MGM Mirage last week announced it was "raising the bar" — as well as a few eyebrows — for its dealers on the Strip by increasing their base wage rate from $6.33 an hour to $7.75 an hour.
The 22.4 percent increase was effective Monday, and approximately 5,100 dealers at MGM Mirage’s 10 Strip casinos were notified Friday by letter, which also announced that dealers would be receiving cost of living increases every April.
"I think we made a lot of people happy today," MGM Mirage President and Chief Operating Officer Jim Murren said on Friday. "We felt we wanted to raise the competitive bar here as we look for the best and brightest employees, as well as strive to be the employer of choice."
Murren added that the rate increase was also the "final and important piece of the puzzle" in unifying pay and benefit packages that were complicated by buyouts of Mirage Resorts in 2000 and Mandalay Resort Group in 2005.
"The dealers’ pay rates were all over the board ”¦ as well as benefit programs, training programs and work policies," Murren said. "If we are to be a leader in the community, then we need to standardize ways to compensate our dealers."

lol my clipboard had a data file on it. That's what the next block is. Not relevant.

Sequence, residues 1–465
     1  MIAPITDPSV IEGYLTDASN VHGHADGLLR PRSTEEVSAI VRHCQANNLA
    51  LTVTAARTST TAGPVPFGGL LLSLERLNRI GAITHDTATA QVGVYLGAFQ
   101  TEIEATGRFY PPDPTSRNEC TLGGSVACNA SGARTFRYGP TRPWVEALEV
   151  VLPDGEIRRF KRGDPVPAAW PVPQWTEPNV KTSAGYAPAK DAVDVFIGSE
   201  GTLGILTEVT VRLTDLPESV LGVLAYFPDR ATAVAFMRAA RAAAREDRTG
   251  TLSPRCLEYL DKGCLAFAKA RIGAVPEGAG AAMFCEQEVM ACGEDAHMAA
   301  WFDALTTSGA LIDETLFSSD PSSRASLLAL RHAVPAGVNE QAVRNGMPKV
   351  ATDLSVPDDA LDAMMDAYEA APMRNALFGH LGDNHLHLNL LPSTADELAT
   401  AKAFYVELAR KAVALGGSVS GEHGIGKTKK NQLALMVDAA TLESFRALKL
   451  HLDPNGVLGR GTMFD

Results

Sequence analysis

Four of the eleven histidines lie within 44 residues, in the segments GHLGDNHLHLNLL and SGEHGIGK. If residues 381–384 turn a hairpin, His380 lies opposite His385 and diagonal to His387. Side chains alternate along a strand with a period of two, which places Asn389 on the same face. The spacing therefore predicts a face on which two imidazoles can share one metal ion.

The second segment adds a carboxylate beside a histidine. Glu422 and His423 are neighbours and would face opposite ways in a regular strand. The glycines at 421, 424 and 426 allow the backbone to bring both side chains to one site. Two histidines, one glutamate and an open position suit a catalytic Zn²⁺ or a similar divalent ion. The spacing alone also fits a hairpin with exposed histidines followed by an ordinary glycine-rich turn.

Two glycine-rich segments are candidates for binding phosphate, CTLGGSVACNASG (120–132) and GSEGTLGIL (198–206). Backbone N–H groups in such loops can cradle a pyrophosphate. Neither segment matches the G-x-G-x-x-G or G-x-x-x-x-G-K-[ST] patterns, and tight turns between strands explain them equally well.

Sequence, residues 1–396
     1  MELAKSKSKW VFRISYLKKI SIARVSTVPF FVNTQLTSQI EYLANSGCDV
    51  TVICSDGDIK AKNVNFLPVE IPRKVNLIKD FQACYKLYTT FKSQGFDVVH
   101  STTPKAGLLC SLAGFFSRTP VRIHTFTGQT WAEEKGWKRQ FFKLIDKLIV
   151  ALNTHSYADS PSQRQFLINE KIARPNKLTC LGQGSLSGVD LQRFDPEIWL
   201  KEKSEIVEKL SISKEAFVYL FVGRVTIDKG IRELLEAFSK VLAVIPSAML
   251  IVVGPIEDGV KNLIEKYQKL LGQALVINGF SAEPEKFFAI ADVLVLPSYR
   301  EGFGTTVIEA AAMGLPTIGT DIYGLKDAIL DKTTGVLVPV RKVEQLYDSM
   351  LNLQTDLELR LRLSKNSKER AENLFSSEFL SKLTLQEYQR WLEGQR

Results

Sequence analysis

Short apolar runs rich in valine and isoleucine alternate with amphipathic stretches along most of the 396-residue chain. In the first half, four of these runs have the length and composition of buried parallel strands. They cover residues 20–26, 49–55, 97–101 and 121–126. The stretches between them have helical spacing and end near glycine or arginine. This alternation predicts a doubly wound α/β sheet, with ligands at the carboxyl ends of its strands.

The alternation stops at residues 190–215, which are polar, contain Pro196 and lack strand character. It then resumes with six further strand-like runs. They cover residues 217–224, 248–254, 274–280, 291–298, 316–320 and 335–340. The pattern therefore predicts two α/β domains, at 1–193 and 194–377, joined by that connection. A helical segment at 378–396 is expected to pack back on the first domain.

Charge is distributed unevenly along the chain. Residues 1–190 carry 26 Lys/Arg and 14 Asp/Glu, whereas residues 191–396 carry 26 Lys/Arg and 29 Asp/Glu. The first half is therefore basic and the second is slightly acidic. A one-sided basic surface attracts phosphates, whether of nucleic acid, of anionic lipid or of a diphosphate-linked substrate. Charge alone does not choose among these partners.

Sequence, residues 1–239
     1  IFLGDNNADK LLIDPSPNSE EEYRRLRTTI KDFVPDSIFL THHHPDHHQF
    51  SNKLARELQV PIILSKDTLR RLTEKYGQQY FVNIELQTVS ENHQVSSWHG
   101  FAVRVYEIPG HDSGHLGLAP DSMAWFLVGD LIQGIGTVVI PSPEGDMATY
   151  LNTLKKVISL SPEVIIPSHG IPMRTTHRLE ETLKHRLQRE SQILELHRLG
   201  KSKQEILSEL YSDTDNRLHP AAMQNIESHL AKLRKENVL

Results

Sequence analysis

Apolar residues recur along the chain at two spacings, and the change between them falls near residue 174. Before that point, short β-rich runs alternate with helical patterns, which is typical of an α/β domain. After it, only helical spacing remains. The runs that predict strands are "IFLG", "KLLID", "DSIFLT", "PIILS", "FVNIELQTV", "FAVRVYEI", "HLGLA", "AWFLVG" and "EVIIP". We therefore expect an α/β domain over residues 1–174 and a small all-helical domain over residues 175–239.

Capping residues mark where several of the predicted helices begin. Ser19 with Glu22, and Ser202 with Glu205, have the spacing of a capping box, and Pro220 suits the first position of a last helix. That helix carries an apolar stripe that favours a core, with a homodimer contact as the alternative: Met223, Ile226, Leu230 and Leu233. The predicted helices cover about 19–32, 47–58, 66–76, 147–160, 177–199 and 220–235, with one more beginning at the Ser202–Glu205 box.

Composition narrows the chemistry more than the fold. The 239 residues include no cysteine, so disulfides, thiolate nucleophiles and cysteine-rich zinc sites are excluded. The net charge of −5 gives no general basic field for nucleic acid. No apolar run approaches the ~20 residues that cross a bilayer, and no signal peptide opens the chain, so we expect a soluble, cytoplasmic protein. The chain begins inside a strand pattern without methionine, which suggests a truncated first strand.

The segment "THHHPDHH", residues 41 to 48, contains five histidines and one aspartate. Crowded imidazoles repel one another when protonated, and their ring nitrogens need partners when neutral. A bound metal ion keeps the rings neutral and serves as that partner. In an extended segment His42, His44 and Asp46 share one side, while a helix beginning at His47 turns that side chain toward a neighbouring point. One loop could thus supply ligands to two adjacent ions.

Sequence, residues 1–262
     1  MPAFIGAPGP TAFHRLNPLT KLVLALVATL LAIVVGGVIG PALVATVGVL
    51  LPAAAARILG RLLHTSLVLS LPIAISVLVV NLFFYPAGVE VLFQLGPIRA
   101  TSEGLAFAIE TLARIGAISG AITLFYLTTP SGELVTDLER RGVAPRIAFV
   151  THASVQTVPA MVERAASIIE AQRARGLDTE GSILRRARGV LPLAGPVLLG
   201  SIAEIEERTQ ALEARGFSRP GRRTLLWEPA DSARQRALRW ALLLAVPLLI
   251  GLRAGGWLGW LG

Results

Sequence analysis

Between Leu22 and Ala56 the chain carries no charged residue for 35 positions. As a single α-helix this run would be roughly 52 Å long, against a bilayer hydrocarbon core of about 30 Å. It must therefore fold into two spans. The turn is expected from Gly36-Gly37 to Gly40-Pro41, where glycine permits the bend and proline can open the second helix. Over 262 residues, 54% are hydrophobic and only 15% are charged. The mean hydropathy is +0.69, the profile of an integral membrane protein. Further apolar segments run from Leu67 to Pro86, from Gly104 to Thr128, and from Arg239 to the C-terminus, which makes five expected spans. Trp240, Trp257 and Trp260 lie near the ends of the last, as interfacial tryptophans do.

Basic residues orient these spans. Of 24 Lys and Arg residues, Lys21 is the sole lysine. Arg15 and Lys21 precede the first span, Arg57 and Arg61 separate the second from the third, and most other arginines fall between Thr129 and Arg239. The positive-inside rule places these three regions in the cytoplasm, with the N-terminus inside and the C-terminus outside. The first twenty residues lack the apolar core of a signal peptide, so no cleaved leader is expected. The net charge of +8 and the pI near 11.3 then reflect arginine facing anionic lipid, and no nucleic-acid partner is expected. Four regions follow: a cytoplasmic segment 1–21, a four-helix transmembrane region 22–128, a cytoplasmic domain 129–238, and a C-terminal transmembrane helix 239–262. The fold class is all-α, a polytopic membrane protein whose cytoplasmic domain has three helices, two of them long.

Murren pointed out that the changes weren’t in anticipation of any collective bargaining negotiations that might be on the horizon.
"We’ve been wrestling with this issue since 2000, long before any noise (over union organizing) was being made," Murren said.
In addition to enhancing pay and benefit packages to attract qualified employees, standardizing of benefits will facilitate dealers moving from property to property, Murren said.
"Besides improving income in difficult times, this creates a wide avenue for people who choose to look for new opportunities within our company," he said.
Specifically, MGM expects to fill at least 1,000 dealer positions when its CityCenter project opens this time next year.
Many of those jobs will be filled by dealers from other Strip properties, which will also be faced with filling vacated positions.
Over the weekend, several dealers contacted by GamingToday expressed joy as well as surprise at the wage increase.
"Of course, most of my income still comes from tips, but this sure helps," said a dealer at the Luxor, who spoke on condition his name not be used. "Considering we’re supposed to be in a recession, this certainly came as a welcome surprise."
Indeed many dealers were surprised at the increase, which is expected to cost MGM Mirage over $10 million a year.
But, Murren said, the company wanted to "make a statement," despite a slowing economy in which some gaming operators are laying off staff — as much as 20 percent for one locals-oriented company.
"We’ve been through tough times as an industry, but we’re here for the long term," Murren said. "If you have a commitment to the community this is not a time to pull in your horns ”¦ it’s a time for leadership."